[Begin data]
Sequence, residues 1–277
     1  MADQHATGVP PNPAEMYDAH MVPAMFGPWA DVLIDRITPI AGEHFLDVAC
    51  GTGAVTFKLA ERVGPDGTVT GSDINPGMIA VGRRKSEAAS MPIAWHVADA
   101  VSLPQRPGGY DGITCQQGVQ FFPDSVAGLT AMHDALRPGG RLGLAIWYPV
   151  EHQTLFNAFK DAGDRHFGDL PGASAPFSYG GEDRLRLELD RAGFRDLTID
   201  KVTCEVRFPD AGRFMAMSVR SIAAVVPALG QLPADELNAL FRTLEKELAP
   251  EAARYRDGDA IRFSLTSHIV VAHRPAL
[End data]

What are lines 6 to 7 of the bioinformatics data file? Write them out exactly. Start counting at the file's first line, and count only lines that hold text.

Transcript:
   201  KVTCEVRFPD AGRFMAMSVR SIAAVVPALG QLPADELNAL FRTLEKELAP
   251  EAARYRDGDA IRFSLTSHIV VAHRPAL